The definition of being an Extreme Huntress to me is having passion, dedication, hardwork and determination. But having good friends and family also plays a major role in becoming that huntress. My Nana has always been my mentor, a woman that believes the outdoor life is the way of life and that kids should be raised that way as well. I got that passion as a kid whether it was going hunting with Nana, trail rides with the horses, fishing, or camping – I loved being outdoors. After meeting my husband in 2005, his love for the outdoors helped my passion grow to a new level. Our date nights weren’t going to a fancy dinner and a movie, it was backpacking into the backcountry looking for black bear, elk or even just to do some scouting. Now that we have 2 children I get to take on the role of mentor and get them outdoors. I am very lucky to be a stay at home mom, I get to take them out hunting and fishing with me or we can spend our day out looking for sheds and hiking around.
Living in Southeastern British Columbia gives me a very wide range of animals to hunt, but it also allows me to hunt year round. Hunting in the mountains is a challenge and can be dangerous. It takes a lot of hardwork and determination to climb those mountains to chase my quarry in the middle of Grizzly country and the weather can change rapidly. But it’s not just grizzlies we have to be aware of, we have a high predator poupulation of cougars,wolves and black bears which can be a danger also. But my passion to be in the mountains is the reason why I work hard year round, making sure im physically fit and mentally prepared. Hunting here is on public land and 100% DIY. I hunt with my .270 and my Bowtech Heartbreaker bow. I have hunted using ground blinds and treestands but I prefer to do spot and stalk. My favourite is backpacking into the backcountry with my husband. I love getting up high, glassing for game then pulling a stalk once we have spotted an animal, it’s a lot of blood, sweat and sometimes tears but nothing is as satisfying as harvesting the animal in this rough, beautiful country. So far I have hunted for mountain goat, elk, mule deer, whitetail, cougar, black bear, wolf, turkey, coyote and small game.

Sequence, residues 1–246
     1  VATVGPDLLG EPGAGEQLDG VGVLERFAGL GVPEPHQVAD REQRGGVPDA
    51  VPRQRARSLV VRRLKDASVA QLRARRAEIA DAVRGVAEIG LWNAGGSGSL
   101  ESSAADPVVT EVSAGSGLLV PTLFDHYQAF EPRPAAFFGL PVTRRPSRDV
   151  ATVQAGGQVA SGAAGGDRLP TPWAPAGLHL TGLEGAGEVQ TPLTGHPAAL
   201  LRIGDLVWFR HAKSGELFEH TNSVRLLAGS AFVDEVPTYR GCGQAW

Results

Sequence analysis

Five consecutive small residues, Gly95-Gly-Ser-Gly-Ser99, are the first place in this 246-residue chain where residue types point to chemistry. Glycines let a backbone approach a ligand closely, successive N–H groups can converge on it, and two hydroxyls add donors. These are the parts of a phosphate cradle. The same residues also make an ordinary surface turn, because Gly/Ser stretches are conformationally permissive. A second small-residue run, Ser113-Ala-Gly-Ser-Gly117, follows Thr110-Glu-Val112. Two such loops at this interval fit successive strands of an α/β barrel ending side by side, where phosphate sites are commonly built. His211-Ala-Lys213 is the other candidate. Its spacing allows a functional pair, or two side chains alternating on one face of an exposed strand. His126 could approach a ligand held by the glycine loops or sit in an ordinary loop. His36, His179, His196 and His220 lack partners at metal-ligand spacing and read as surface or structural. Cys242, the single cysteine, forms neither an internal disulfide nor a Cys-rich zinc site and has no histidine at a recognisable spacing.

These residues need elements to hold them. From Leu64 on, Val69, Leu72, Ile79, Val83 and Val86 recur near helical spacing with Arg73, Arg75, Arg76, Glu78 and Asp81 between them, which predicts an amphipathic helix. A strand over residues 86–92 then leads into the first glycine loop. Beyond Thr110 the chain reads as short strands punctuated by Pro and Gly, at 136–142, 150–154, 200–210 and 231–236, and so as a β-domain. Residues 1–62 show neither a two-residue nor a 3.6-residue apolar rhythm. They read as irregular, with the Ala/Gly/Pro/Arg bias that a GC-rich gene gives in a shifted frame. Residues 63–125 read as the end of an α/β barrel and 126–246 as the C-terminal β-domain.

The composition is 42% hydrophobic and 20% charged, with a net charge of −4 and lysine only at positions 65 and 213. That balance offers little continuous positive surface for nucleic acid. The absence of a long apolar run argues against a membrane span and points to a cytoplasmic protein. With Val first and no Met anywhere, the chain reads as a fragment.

When I was younger I had a terrible phobia of bears and I couldn’t be in the bush when it was dark. When we came across one I would freeze up. Not the best situation for a hunter living in bear country. As I got more involved in hunting, I decided I wanted to hunt one with my rifle. My husband was worried I would freeze up when the time came, but he supported me and helped me. The first few bears I pulled a stalk on my nerves were in painful knots, but I got to observe them and get an idea of what I can expect and my confidence started to grow. At the end of the day we started heading out, we came around a corner and there was bear standing in front of us. It took half a second and he was running straight up the steep hill, my instincts kicked in and I ran up the hill after him. By the time i got to the top he was at the bottom on the other side walking away, until he heard me. He stopped to look for me and I instantly put my rifle up, got him in my crosshairs and squeezed my trigger. I got my first bear, got over my phobia and they are now one of my favourite animals to hunt. I respect and use great caution with them, but I also understand them better.
Hunting to me isn’t about how many places you have travelled, who has the most animals or if you got a trophy animal. Hunting to me is about conservation, passing on our heritage, family and enjoying nature and the adventure. Hunting has taught me patience, humility and strength. The patience to sit and wait, to be grateful for any animal I take or for just being outdoors, and the strength to push myself physically and mentally past my comfort zone. I’m so thankful to live where I do, that I get to pass on the lifestyle to my kids and see them grow into hunters.